For Beginner eMerchants

Read this article if you are new to selling online! Learn about the rules and regulations involved with internet retailing.

All newly installed online stores must meet the following requirements:

1. The entrepreneur must disclose their real data to consumers, such as the company’s name, location, e-mail address, and telephone number that people can use to turn to the company in case of problems.

2. Consumers must be provided with a clear and detailed description of the purchase process. Online stores must include information on the conditions of sale and said information must be easily accessible for consumers.

The following information must be presented in an easily accessible way on the online store’s website:

  • the company’s name, location, e-mail address and telephone number that people can use to turn to the company in case of problems;
  • the final price of goods, shipping costs and all relevant taxes (in case there are any);
  • terms for the cancellation of orders and return policy;
  • the right to file complaints;
  • warranty terms;
  • product shipping period;
  • information regarding liability for the cost of returning goods and the arrangement of such liabilities;
  • information regarding the purposes for processing clients’ personal data and any third parties the online retail has the right to share that data with.

3. Upon receiving an order, the online retailer must confirm it immediately (by means of automatic order confirmations, invoices or other such documents).

4. The online retailer must inform consumers of sales prices and unit prices. Sales price is the final price for a product unit or a quantity of goods. Unit price is the cost of goods per one kilogram, litre, metre, square metre or cubic metre.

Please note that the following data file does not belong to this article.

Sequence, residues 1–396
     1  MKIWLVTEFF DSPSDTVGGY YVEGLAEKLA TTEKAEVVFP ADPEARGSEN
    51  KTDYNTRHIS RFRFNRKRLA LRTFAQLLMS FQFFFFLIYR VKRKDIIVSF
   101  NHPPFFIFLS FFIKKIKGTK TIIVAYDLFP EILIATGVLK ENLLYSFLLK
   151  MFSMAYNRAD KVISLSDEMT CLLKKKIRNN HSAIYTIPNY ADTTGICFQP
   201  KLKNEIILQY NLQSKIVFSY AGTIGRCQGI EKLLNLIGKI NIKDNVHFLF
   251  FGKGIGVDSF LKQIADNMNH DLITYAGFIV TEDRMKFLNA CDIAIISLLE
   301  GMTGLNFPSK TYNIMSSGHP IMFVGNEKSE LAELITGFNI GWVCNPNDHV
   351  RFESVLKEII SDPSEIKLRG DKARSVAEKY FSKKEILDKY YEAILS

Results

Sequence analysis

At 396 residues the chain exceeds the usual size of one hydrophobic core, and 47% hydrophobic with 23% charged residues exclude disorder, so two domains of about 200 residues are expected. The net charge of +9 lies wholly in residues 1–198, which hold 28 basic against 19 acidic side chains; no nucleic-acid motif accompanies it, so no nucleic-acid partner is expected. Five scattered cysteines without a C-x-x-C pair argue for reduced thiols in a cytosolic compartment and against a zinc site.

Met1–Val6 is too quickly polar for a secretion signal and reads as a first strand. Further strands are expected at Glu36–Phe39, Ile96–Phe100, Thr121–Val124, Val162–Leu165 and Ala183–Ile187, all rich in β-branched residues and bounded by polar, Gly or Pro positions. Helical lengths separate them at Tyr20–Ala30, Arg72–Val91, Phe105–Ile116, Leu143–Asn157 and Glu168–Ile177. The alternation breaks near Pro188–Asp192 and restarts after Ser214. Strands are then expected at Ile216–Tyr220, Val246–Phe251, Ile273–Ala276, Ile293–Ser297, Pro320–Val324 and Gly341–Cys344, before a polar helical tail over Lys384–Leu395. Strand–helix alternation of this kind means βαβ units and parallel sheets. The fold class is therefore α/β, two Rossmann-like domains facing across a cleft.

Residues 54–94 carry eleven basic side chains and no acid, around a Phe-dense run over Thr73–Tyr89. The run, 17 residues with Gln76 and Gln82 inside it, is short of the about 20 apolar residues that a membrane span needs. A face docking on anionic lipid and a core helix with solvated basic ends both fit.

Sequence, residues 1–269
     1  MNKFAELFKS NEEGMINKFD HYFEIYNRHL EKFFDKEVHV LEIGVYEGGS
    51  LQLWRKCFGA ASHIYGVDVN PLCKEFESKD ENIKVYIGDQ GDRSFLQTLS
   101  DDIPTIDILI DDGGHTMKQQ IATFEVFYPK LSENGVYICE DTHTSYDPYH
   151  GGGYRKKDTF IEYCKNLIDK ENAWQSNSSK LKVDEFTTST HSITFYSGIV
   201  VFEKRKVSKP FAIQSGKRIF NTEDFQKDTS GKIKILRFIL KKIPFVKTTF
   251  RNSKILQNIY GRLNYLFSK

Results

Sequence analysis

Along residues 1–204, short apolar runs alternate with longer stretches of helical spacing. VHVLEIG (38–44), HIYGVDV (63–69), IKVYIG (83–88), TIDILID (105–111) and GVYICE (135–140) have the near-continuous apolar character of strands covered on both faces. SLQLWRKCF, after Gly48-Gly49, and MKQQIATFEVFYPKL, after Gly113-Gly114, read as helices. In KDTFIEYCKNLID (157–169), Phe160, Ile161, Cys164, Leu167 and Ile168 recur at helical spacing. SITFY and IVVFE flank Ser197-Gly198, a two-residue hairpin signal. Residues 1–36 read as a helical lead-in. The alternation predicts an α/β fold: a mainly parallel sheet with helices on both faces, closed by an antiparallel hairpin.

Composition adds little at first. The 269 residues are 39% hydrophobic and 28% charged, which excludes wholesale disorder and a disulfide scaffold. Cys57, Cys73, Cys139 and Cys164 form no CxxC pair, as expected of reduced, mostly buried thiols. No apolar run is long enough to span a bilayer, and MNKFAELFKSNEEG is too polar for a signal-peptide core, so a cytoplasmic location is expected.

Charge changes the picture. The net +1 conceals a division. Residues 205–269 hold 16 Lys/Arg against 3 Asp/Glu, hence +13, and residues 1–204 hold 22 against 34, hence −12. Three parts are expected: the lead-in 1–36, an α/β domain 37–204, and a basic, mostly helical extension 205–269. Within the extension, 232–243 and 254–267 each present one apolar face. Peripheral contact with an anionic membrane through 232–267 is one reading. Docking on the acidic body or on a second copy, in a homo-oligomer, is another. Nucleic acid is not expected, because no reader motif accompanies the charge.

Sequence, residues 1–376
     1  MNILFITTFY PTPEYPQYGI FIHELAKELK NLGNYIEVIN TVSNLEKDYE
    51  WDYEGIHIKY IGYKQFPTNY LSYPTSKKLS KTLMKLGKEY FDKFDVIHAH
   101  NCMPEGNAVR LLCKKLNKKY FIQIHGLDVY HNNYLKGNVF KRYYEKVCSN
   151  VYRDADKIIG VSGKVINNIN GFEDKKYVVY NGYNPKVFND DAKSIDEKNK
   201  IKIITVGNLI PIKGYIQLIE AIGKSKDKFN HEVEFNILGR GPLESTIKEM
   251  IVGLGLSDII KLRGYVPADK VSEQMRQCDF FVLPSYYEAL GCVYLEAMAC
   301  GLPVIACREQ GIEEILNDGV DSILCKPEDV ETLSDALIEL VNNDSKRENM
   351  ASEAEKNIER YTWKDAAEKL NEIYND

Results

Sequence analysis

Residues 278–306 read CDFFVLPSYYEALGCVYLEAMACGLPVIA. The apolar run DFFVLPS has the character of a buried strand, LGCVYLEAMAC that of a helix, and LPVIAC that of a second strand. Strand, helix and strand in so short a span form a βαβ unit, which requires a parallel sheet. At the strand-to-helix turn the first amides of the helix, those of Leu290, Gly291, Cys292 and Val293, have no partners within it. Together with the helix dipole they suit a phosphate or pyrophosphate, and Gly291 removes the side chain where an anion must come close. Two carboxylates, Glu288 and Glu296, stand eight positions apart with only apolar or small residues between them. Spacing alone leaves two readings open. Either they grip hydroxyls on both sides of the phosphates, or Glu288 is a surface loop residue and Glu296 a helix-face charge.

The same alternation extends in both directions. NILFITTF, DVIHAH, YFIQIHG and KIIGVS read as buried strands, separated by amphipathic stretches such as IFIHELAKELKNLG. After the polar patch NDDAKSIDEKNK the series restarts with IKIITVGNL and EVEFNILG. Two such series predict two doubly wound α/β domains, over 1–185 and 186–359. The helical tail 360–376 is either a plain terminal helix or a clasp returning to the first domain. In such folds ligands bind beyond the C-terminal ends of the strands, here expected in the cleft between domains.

5. Goods must be complimented with detailed product information in Estonian. If the consumer makes the wrong decision due to insufficient product information, they have the right to withdraw from the contract without entailing costs and demand compensation from the entrepreneur.

6. The consumer must be presented with the total price of goods, inclusive of tax and all additional freight, postal or other delivery costs, if the consumer has to cover these costs (if the postal costs depend on the size of the order then they must be presented no later than in the shopping cart; if not, then the consumer must be made aware of the postal costs beforehand).

7. The consumer must understand the arrangements for payment, delivery and execution of an order and the time by which the goods are delivered, the service is provided or other acts are performed (invoice due date, delivery period or the term for fulfilling contractual obligations in case of services).

8. Where a right of withdrawal exists, the conditions, time limit and procedures for exercising that right, as well as standard form of application for withdrawal must be presented in accordance with the corresponding regulation of the Minister of Justice.

NB! Where a right of withdrawal is not prescribed according to subsection 53 (4) of the Law of Obligations Act, the consumer must be given information that they have no right of withdrawal or, if the consumer may lose the right of withdrawal, information about the circumstances under which the right of withdrawal will be lost.

9. Information on who shall bear the costs of returning the goods if the consumer withdraws from the contract. The consumer is required to bear the costs of returning the goods only if the entrepreneur informed them of such an obligation prior to signing the contract. If the entrepreneur fails to present the consumer with these details before entering into the contract, the entrepreneur is required to bear said costs.

10. If the consumer bears the costs of returning the goods after they withdraw from the contract, the online retailer must return to the consumer the cost of delivery of the goods borne by the consumer at the time of placing the order (if such a cost was included in the order). If the consumer does not withdraw from the contract in full, the postal cost borne by the consumer at the time of placing the order must be returned proportionally to the number of goods in the order. For example, if the order included two products and the postal cost for delivery was €2.50, then the consumer must be reimbursed for €1.25 with regard to the postal cost.